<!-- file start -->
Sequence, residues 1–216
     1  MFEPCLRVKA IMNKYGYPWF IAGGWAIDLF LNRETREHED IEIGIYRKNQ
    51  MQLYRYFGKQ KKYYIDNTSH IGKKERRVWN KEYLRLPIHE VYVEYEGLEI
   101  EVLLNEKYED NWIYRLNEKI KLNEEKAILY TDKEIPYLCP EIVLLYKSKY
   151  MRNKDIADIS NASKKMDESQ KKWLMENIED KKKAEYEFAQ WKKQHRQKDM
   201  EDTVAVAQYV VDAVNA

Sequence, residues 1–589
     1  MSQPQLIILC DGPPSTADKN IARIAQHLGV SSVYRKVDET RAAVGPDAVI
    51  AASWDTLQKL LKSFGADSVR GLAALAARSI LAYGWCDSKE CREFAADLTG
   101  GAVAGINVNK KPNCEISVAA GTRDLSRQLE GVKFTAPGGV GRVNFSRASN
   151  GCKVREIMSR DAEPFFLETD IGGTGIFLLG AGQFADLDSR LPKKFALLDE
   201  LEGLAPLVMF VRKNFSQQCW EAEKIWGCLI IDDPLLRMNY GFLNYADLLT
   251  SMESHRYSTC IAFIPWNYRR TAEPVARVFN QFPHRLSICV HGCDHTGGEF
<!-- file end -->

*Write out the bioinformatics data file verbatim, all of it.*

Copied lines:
Sequence, residues 1–216
     1  MFEPCLRVKA IMNKYGYPWF IAGGWAIDLF LNRETREHED IEIGIYRKNQ
    51  MQLYRYFGKQ KKYYIDNTSH IGKKERRVWN KEYLRLPIHE VYVEYEGLEI
   101  EVLLNEKYED NWIYRLNEKI KLNEEKAILY TDKEIPYLCP EIVLLYKSKY
   151  MRNKDIADIS NASKKMDESQ KKWLMENIED KKKAEYEFAQ WKKQHRQKDM
   201  EDTVAVAQYV VDAVNA

Sequence, residues 1–589
     1  MSQPQLIILC DGPPSTADKN IARIAQHLGV SSVYRKVDET RAAVGPDAVI
    51  AASWDTLQKL LKSFGADSVR GLAALAARSI LAYGWCDSKE CREFAADLTG
   101  GAVAGINVNK KPNCEISVAA GTRDLSRQLE GVKFTAPGGV GRVNFSRASN
   151  GCKVREIMSR DAEPFFLETD IGGTGIFLLG AGQFADLDSR LPKKFALLDE
   201  LEGLAPLVMF VRKNFSQQCW EAEKIWGCLI IDDPLLRMNY GFLNYADLLT
   251  SMESHRYSTC IAFIPWNYRR TAEPVARVFN QFPHRLSICV HGCDHTGGEF